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@martin you said: “I’m aware of the base load problem with renewables, but I don’t see why they might not be solved at some time in the future.”

As long as one believes that the problems with renewables can be solved, and concurrently claim that nuclear is burdened with its own that preclude its widespread use, there is a implication that solutions can be found for the former, but not the latter.

This is a recurring error that has been made over by renewable supporters, don’t take it personally.

As for Finrod’s statement, please understand, that we do run into a large number of doctrinaire antinukes, not just here, but in many places, and Finrod and I have tag-teamed a few of them over the years, and I was just congratulating him for his bon mots, which I thought was very puissant and amusing, in and of itself.

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An irrelevant tit bit. The Australian government has blown $3 billion dollars on insulation in houses. It is a disaster and much will have to be pulled out. The cost of avoiding a tonne of CO2 with this scheme is estimated to be $200/tonne CO2 avoided.

The $3 billion could have been much better invested in out first nuclear power plant. It would last 60 to 80 years and provide near emissions free electricity for all that time.

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Terry K I’m interested in your thoughts on the Murray Darling since I’ve sailed or canoed different parts of it from top to bottom. Here’s a couple of ideas you might want to incorporate. First it’s crazy to rely on Cat 4 cyclones in the tropics to push enough water down the headwaters 2,000km away. Any water use regime should rely on ‘normal’ flows whatever they are.

Second any desal for Olympic Dam should comfortably supply that whole region. I believe the 100 ML/d pipeline from the Murray keeps inching towards the Bight due to local groundwater depletion. If OD wants 187 ML/d make the output spec an even 300 and reverse the flow in the network ie supplying Pt Augusta, Pt Lincoln etc as well as OD/Roxby from the desal. Oh yes OD also want 690 MW of electricity. If Ceduna ever gets into processing zircon and monazite they will want more water as well. Switching off the river pump at Morgan lets that water flow downstream. The word is that the near landlocked Whyalla desal will not be approved due to cuttlefish or whatever. Good…move it to the west coast and power it with a big nuke using flash, osmosis or a hybrid system. Happy cuttlefish, happy river irrigators.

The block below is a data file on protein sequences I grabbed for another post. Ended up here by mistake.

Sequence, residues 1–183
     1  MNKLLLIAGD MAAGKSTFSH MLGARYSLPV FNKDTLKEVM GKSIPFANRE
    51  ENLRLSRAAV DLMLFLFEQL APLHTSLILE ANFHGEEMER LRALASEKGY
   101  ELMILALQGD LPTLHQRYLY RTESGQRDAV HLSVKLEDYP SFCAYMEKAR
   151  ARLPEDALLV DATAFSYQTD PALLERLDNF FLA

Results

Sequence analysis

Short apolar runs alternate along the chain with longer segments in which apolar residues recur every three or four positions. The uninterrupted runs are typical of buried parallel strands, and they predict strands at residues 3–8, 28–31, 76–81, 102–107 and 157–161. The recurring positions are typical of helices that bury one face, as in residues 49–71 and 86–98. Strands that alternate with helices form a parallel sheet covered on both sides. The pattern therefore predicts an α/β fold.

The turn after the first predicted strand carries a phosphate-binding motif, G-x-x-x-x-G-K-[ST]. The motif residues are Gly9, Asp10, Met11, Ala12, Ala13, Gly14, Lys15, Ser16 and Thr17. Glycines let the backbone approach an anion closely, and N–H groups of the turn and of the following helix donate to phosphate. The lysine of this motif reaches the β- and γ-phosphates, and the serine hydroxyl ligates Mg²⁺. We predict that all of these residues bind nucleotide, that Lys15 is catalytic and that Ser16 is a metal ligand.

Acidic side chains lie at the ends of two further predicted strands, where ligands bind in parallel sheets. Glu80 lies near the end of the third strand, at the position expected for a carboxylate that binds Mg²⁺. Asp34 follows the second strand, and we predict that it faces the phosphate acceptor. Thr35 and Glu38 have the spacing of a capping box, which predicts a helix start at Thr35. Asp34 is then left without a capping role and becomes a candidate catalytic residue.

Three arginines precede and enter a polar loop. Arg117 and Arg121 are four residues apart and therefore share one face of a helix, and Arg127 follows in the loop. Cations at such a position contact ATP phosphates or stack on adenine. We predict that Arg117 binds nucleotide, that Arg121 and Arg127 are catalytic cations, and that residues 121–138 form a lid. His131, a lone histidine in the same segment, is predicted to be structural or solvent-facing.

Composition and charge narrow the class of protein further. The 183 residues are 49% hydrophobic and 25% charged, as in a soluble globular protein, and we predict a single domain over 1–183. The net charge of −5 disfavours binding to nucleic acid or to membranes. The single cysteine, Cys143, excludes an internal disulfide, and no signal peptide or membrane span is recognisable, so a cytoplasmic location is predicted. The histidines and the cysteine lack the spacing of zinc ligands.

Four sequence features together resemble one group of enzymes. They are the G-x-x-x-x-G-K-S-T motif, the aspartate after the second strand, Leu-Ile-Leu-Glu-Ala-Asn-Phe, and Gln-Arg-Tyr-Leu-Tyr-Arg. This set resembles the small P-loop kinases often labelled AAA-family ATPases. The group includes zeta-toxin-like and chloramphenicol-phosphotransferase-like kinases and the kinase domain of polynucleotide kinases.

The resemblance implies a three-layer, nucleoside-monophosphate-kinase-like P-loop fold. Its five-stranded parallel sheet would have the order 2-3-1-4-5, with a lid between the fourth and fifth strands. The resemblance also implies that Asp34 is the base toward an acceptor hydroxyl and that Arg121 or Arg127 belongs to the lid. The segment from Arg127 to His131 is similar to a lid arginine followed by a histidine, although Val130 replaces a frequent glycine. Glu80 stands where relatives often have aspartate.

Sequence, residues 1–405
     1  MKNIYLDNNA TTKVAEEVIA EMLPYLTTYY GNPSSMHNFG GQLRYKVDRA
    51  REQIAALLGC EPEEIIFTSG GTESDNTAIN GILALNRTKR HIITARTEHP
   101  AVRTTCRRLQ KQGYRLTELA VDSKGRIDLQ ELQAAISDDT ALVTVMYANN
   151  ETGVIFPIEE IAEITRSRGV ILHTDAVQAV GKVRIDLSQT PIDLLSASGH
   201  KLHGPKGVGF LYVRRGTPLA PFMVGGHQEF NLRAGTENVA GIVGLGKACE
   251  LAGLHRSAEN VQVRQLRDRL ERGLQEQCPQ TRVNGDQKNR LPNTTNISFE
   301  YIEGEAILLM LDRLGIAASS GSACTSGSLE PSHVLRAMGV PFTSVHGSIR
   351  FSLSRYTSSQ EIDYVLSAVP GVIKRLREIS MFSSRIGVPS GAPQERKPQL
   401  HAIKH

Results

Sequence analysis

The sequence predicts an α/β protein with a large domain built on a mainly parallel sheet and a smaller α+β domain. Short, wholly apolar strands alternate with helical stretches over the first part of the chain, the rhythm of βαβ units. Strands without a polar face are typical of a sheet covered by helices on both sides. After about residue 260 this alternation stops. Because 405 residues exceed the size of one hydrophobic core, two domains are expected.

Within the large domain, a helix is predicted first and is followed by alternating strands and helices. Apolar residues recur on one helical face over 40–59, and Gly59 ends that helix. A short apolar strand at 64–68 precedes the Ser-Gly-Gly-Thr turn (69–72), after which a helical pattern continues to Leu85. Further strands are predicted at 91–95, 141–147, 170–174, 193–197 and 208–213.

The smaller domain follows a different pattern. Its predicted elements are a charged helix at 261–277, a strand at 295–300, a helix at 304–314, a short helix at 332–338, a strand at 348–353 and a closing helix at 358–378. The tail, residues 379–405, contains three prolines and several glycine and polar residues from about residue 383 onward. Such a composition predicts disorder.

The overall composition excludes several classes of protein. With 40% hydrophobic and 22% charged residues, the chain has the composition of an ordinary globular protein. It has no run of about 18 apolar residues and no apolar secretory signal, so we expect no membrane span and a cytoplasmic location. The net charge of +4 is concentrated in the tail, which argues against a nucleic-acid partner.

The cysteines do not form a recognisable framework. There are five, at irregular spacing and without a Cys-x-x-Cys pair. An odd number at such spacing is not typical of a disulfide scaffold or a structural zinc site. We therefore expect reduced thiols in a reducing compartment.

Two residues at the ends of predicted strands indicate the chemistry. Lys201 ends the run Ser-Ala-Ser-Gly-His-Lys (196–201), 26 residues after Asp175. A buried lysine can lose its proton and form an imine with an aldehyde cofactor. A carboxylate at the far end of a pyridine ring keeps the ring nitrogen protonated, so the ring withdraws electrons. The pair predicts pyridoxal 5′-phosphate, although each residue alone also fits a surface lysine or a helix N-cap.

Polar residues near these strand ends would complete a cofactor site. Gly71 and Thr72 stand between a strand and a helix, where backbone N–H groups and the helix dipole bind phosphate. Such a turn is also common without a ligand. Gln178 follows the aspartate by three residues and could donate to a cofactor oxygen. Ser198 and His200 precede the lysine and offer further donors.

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Ewen,

Your politics are extremist left-wing. Not main stream. I believe these ideologies are extremely damaging to mankind. Bordering on evil.

This is an example from your post at 14:25:

To me, it is unethical (your word “immoral” I don’t like because I’m not religious) to impose premature death and suffering on others including small children in order to allow wealthier others to have cheaper electricity to waste.
Again, your ideological blinkers aside, there’s no obvious reason why this point eludes you.

I used the word “immoral” because the extremists, like yourself, use this term frequently to justify their irrational causes.

You talk about your desire to reduce the deaths caused by coal fired electricity in the developed countries but give no importance to the deaths caused by lack of electricity in the developing countries. The latter exceeds the former by many orders of magnitude. Can you not understand this?

Furthermore, raising the cost of electricity in the developed countries means slowing development and less electricity. That means less hospitals, less education, less doctors and nurses, less ambulances, less clinics, less road infrastructure to get people quickly to medical facilties and more costly pharmaceuticals. Can you not understand this?

I think your extremist political agenda is too far to the extremist left for us to be able to make headway. I’ll leave discussion with you to others.

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Peter

In your own way, you affirm my point that your inability to see the obvious (and to understand why others don’t share your perspective) really does derive from the ideological blinkers I described above.

It is the case that the toll from coal is even greater in the developing countries than it is here. And no, I don’t propose raising the effective cost of electricity in any country. The cost is what it is, I merely say that the cost should be borne explcitly rtather than fall upon the heads of the socially disadvantaged. If you were not blinded by your primary desire to protect the elites, you’d be able to see this.